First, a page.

Jimmy Carter, the Politics of Family, and the Rise of the Religious Right
As Jimmy Carter ascended to the presidency the heir apparent to
Democratic liberalism, he touted his background as a born-again
evangelical. Once in office, his faith indeed helped form policy on
a number of controversial moral issues. By acknowledging certain
behaviors as sinful while insisting that they were private matters
beyond government interference, J. Brooks Flippen argues, Carter
unintentionally alienated both social liberals and conservative
Christians, thus ensuring that the debate over these moral "family
issues" acquired a new prominence in public and political life.
The Carter era, according to Flippen, stood at a fault line in
American culture, religion, and politics. In the wake of the 1960s,
some Americans worried that the traditional family faced a grave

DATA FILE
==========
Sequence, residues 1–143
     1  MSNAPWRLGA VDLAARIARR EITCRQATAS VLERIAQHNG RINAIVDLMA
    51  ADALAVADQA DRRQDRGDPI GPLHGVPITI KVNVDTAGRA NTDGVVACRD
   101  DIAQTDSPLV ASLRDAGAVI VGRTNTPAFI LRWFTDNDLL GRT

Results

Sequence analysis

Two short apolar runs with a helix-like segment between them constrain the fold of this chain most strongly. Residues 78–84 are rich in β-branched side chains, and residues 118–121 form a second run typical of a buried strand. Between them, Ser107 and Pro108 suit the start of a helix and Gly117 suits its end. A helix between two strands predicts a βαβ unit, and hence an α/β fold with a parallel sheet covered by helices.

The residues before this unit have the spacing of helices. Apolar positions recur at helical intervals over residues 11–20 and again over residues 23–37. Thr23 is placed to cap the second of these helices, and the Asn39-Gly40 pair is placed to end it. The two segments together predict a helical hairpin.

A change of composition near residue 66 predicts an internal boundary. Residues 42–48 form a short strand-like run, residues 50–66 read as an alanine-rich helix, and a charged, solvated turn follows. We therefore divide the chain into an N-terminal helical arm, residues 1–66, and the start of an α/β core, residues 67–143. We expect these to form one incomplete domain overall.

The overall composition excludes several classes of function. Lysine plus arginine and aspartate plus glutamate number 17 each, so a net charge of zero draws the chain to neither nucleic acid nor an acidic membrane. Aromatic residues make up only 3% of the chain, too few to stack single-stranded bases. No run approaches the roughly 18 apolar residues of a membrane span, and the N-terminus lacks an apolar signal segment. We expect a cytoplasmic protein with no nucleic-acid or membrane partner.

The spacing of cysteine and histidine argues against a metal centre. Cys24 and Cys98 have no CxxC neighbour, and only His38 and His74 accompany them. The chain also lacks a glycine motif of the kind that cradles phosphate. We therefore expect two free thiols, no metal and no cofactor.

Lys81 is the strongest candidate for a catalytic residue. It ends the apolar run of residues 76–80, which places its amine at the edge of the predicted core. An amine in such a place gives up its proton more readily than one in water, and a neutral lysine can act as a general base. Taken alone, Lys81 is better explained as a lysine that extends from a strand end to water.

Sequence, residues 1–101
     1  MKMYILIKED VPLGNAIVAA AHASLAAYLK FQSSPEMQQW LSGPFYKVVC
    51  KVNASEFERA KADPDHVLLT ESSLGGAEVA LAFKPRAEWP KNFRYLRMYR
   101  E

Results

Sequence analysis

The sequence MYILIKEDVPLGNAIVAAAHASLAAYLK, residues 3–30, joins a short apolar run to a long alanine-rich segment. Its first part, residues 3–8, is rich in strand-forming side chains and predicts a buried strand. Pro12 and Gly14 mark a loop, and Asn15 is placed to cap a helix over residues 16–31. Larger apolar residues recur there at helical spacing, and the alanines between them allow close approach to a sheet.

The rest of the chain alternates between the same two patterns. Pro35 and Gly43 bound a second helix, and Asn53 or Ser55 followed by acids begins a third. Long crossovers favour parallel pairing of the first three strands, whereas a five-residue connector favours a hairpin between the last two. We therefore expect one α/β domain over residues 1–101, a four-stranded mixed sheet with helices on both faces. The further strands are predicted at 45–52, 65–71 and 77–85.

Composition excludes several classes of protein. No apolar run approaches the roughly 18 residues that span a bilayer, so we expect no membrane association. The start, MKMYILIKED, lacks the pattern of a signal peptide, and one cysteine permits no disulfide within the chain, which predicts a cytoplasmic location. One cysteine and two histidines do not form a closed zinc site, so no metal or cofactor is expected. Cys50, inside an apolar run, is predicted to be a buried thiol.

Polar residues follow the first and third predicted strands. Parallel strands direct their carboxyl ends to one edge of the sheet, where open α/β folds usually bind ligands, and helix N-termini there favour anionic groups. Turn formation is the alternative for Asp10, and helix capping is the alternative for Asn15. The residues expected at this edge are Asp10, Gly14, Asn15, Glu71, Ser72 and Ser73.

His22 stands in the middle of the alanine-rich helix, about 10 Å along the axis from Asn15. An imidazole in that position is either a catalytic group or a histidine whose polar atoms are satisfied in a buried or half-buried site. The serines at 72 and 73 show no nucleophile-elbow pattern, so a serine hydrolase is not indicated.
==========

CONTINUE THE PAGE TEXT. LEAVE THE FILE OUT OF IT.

crisis. This newly politicized constituency viewed secular humanism
in education, the recognition of reproductive rights established by
Roe v. Wade, feminism, and the struggle for homosexual
rights as evidence of cultural decay and as a challenge to
religious orthodoxy. Social liberals viewed Carter's faith with
skepticism and took issue with his seeming unwillingness to build
on recent progressive victories. Ultimately, Flippen argues,
conservative Christians emerged as the Religious Right and were
adopted into the Republican fold.
Examining Carter's struggle to placate competing interests
against the backdrop of difficult foreign and domestic issues-a
struggling economy, the stalled Strategic Arms Limitation Talks,
disputes in the Middle East, handover of the Panama Canal, and the
Iranian hostage crisis-Flippen shows how a political dynamic was
formed that continues to this day.
Subjects: History, Political Science
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